Beyond the Bison: Sports News Across the Nation

 

Courtesy of Wikimedia Commons Roy Halladay fires from the mound. A resurgent year from Halladay could do wonders for an aging Phillies team.
Courtesy of Wikimedia Commons
Roy Halladay fires from the mound. A resurgent year from Halladay could do wonders for an aging Phillies team.

 

Julian Dorey

Writer

“All Due Respect”

One of the looming questions heading into the 2013 MLB season is the future of Phillies pitcher, Roy Halladay. For five years or so, Halladay was considered the best pitcher in all of baseball. He had a nasty cutter, an over-powering fastball and a changeup that fooled the likes of Manny Ramirez and Miguel Cabrera every time.

Over his 15-year career, Halladay has a record of 199-100, a cumulative ERA of 3.31 and 2,066 strikeouts. Considering that he played on many bad Toronto Blue Jays teams for 12 seasons, not to mention in the American League East, the toughest division in baseball, those numbers are hard to believe. But then again, this is why experts considered him to be the best.

I am purposely mentioning “considered” in the past tense because of Halladay’s unfortunate 2012 season. After injuring his shoulder in the end of May, Halladay did not return to action until July and by his standards was largely ineffective for the final two-and-a-half months upon returning. His 4.49 ERA in 25 games started last season was by far the worst output he produced since the very beginning of his career.

At age 35, many fans and analysts alike have fairly brought into question whether or not the 6-foot-6-inch power pitcher has dominant velocity anymore. They question if his body is starting to break down, as it does for many other MLB players of a similar age. Halladay’s Phillies are an aging bunch on the back end of what has been a great run over the past six years, and 2013 may just be their last realistic chance to make a hard push for one more title behind Phillies greats like Ryan Howard, Jimmy Rollins, Chase Utley and Carlos Ruiz.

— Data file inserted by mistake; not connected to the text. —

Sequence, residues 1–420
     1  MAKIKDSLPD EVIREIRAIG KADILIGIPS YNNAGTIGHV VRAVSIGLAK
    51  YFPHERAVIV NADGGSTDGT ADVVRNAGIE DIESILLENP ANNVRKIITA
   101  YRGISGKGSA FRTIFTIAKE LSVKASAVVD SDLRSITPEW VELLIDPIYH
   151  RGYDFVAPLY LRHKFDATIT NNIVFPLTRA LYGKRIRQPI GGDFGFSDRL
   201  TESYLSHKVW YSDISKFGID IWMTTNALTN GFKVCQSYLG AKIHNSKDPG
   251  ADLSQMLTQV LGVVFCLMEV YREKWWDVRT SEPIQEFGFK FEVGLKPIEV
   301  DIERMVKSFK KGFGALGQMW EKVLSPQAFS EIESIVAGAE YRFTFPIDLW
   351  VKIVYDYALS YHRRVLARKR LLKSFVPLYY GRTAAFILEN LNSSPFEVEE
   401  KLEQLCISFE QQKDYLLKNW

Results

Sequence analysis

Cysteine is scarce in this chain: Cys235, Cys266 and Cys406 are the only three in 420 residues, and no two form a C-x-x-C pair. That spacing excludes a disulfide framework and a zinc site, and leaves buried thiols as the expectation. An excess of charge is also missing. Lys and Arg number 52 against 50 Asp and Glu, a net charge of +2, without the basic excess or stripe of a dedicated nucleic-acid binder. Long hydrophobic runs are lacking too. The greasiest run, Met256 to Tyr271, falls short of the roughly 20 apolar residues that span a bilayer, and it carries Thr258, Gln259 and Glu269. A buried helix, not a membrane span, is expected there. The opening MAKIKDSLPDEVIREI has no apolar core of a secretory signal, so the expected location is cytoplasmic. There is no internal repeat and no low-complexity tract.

In order for that to happen, Halladay must be his old self. It is critical that he enters the season healthy and ready to set the tone that he’s back to being the same old “Doc” (as he is affectionately known) Halladay. With perennial Cy Young contenders Cliff Lee and Cole Hamels joining him in the rotation, a dominant year from Halladay could mean a boatload of Phillies wins coming from this loaded pitching staff.

Halladay’s progress is off to a good start in spring training where he made his first exhibition start this past Sunday against the reigning AL Champion Detroit Tigers. In two innings of work, Halladay worked his way through the Tigers’ batters with just 22 pitches and had solid velocity on the fastball that had everyone so worried at the end of last season.

New Tiger and long-time AL All-Star Torii Hunter called Halladay’s stuff “filthy” and added that “If [Halladay] gets better from here, it’s scary.” That’s some quality praise for a guy who is looking to put a subpar year behind him.

Spring training games are just underway and the regular season opener is still a month away, but if Halladay can continue to progress, stay healthy and show the old life he had on his fastball not so long ago, then look out. Because the Phillies will be giving the NL all they can handle.

(Visited 82 times, 1 visits today)